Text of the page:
A lot of people say that first impressions matter. But nah, it doesn’t. Impressions are mere perceptions by individuals on a new subject or topic and half of the time, they’re wrong because you need to communicate with that subject or topic before you can make an accurate deduction. So I will be frank when I say that Ruby wasn’t exactly what I expected. Clad in a simple gown looking radiant even without makeup, she oozed an air of confidence and maturity. Maybe it was her gait, or her smile or her countenance, but I had to stop myself from prostrating to greet her. But like I mentioned before, that was just my perception and as usual, it crumbled in minutes.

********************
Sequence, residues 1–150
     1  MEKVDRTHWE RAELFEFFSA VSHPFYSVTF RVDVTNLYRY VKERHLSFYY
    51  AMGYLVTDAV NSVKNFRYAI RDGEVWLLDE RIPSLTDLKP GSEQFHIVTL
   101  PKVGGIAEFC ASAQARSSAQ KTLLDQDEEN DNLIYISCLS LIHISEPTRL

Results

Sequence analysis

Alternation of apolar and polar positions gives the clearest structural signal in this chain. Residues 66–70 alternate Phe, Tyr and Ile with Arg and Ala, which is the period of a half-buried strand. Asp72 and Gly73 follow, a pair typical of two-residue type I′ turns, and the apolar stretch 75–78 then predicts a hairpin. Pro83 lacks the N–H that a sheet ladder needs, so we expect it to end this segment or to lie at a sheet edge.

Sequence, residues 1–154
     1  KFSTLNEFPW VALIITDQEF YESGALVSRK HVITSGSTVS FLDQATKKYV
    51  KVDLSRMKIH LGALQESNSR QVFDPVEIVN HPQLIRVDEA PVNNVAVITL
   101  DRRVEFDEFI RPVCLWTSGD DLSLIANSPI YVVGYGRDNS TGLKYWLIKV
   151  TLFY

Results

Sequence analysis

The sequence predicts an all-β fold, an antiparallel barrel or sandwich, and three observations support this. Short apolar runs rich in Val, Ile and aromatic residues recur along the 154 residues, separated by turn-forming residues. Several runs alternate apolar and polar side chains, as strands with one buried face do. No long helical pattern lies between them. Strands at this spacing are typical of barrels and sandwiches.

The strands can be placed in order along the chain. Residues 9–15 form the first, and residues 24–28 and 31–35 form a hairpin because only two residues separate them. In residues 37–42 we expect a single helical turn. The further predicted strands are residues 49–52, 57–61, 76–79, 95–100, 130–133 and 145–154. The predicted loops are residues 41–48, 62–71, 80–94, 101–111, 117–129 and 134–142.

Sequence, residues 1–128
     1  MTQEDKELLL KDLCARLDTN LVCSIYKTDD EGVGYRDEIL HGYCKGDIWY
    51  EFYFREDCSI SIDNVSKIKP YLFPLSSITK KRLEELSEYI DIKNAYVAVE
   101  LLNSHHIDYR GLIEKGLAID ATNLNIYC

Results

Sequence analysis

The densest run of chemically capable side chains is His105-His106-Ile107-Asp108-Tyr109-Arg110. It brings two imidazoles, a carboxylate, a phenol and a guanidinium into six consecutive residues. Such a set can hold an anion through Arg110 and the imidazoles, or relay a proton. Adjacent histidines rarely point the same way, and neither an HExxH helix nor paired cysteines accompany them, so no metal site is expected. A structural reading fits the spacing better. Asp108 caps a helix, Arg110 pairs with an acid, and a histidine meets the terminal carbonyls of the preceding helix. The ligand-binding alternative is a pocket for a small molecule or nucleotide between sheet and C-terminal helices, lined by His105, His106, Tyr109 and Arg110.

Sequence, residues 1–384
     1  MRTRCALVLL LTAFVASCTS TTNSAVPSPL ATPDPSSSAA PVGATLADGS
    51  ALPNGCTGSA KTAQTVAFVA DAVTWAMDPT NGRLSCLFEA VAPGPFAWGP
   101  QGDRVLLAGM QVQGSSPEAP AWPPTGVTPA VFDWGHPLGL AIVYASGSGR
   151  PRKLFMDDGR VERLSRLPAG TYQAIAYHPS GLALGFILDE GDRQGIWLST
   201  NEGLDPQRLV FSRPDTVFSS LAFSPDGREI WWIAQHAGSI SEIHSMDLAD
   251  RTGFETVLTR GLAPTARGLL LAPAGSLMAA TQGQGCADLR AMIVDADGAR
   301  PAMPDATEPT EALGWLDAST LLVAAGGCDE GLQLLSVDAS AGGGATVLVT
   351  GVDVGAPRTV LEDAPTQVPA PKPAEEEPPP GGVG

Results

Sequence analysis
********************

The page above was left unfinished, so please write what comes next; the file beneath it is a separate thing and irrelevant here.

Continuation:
As usual I began the interview by asking about her foundation and childhood and that’s when I got to meet the real Ruby Gyang, not the person that my subconscious had spawned. With the first words out of her mouth, it suddenly struck me that I might have indeed been wrong about her. I had to do a quick reassessment to make sure I was still with the same person.


“I had a very happy childhood. I am from a Christian family of six kids who grew up in Zaria. I had four sisters and two brothers, and we had a lot of love and noise even. My late dad was a professor and my mum was part of the University administration. My mum was musically gifted, and I guess she passed that down to me. I had a large extended family that was a real part of my life. In totality, I would say that my childhood was excellent.”

She’d changed! The Ruby I was with had this teenage vibe to her and that was really exciting. I must admit, I did picture us going on drinking binges, pulling phone call pranks and signing along to Fun’s We Are Young. Reeling myself into reality once again, I continued with the interview.